PA 12-36—sHB 5498

Public Health Committee


SUMMARY: This act allows people to pay for funeral service contracts by assigning the death benefit under a life insurance policy. It exempts contracts that are funded in this way from the general requirement that funeral service establishments (“funeral homes”) deposit into escrow the money or securities they receive under funeral service contracts.

The act allows a legal representative of a funeral service contract beneficiary to authorize the transfer of an irrevocable contract from one funeral home to another. Prior law allowed only the beneficiary to authorize a transfer. The act also makes a technical change specifying that the law's definition of funeral service contract applies to irrevocable funeral service contracts.

The act requires death certificates filed in paper form to be filed with the registrar of vital statistics in the town where the death occurred within five business days, rather than five calendar days, after death, to obtain a burial permit.

It requires funeral homes to maintain the original, signed cremation authorization form for at least six years, rather than at least 20 years, after it was signed by the person with custody and control of the deceased person's remains. This change conforms to another provision in existing law requiring funeral homes to keep cremation authorizations and several other documents for at least six years.

Under existing law, the Department of Social Services must exclude up to $1,800 in burial funds when determining eligibility for the State Supplement and Temporary Family Assistance programs. Burial funds may be in the form of, among other things, the face value of a life insurance policy if the cash surrender value is excluded. The act specifies that the value must be excluded through the irrevocable transfer of the policy's ownership to a trust.

The act also makes minor, technical, and conforming changes.

EFFECTIVE DATE: Upon passage, except for the provisions on death certificates and cremation authorizations, which are effective October 1, 2012.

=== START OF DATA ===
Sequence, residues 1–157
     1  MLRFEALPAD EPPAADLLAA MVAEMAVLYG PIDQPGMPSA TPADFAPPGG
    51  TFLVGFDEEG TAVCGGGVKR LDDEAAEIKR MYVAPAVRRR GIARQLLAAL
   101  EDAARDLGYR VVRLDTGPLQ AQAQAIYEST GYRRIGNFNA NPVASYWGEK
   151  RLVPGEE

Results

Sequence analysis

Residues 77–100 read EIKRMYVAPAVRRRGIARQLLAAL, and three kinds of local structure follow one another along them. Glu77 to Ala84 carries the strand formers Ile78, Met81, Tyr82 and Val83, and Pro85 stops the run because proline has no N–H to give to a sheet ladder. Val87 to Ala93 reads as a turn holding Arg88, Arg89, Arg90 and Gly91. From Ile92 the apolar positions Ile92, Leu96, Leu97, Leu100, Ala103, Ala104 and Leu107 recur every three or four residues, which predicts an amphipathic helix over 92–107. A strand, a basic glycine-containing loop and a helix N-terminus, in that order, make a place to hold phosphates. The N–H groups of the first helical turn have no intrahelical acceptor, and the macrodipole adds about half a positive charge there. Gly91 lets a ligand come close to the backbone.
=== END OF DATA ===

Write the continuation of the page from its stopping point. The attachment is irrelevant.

The act allows people to pay for funeral service contracts by assigning the death benefit payable under a life insurance policy. Previously, these types of payment arrangements did not fall within the law's definition of a funeral service contract.

Prior law defined a funeral service contract as a contract that requires the payment of money or the delivery of securities in exchange for the final disposition of a dead human body, including funeral, burial, or other services, or the furnishing of personal property or funeral merchandise in connection with the disposition, where the use or delivery of the services, property, or merchandise is not required immediately. Such contracts are sometimes referred to as “prepaid” or “preneed” funeral service contracts because the person is paying for services to be provided in the future.

The act expands this definition to include contracts that require the assignment of a death benefit payable under an individual or group life insurance policy in exchange for such a final disposition.

Exemption from Escrow Requirements

The law requires funeral homes to deposit any money or securities they receive under a funeral service contract in an escrow account, and sets various related requirements. These requirements include, among other things, that (1) the funeral home appoint an escrow agent to administer the account, (2) account assets be invested only in specified ways, (3) money in the account be removed only as specified by law, and (4) parties to the contract receive annual statements.

Under the act, funeral service contracts funded through an assignment of a death benefit payable under a life insurance policy are exempt from these escrow-related requirements. As a corollary, the act also exempts such contracts from the law's requirement that funeral service contracts contain various provisions related to the escrow requirement.

The act makes related conforming changes. For example, the law requires funeral homes to keep a list of the names and addresses of the escrow agents for their contracts; the act requires them to also keep a list of the names and addresses of insurance companies issuing life insurance policies related to their contracts.

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